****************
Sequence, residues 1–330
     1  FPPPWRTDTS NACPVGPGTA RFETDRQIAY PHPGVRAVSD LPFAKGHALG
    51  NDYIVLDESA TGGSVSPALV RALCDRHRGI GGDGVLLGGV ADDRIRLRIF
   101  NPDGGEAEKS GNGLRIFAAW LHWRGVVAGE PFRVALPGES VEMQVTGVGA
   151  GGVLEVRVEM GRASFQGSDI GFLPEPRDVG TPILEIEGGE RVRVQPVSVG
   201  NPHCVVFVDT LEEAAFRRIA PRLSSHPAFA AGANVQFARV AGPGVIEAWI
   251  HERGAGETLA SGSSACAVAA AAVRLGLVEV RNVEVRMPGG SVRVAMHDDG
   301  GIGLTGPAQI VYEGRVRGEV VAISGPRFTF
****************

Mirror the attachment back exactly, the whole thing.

Sequence, residues 1–330
     1  FPPPWRTDTS NACPVGPGTA RFETDRQIAY PHPGVRAVSD LPFAKGHALG
    51  NDYIVLDESA TGGSVSPALV RALCDRHRGI GGDGVLLGGV ADDRIRLRIF
   101  NPDGGEAEKS GNGLRIFAAW LHWRGVVAGE PFRVALPGES VEMQVTGVGA
   151  GGVLEVRVEM GRASFQGSDI GFLPEPRDVG TPILEIEGGE RVRVQPVSVG
   201  NPHCVVFVDT LEEAAFRRIA PRLSSHPAFA AGANVQFARV AGPGVIEAWI
   251  HERGAGETLA SGSSACAVAA AAVRLGLVEV RNVEVRMPGG SVRVAMHDDG
   301  GIGLTGPAQI VYEGRVRGEV VAISGPRFTF